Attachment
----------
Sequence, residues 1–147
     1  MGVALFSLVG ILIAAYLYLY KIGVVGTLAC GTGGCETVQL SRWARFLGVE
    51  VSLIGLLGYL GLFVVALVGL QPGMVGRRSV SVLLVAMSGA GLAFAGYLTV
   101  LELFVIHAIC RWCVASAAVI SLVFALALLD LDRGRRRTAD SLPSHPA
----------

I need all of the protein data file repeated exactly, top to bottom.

Sequence, residues 1–147
     1  MGVALFSLVG ILIAAYLYLY KIGVVGTLAC GTGGCETVQL SRWARFLGVE
    51  VSLIGLLGYL GLFVVALVGL QPGMVGRRSV SVLLVAMSGA GLAFAGYLTV
   101  LELFVIHAIC RWCVASAAVI SLVFALALLD LDRGRRRTAD SLPSHPA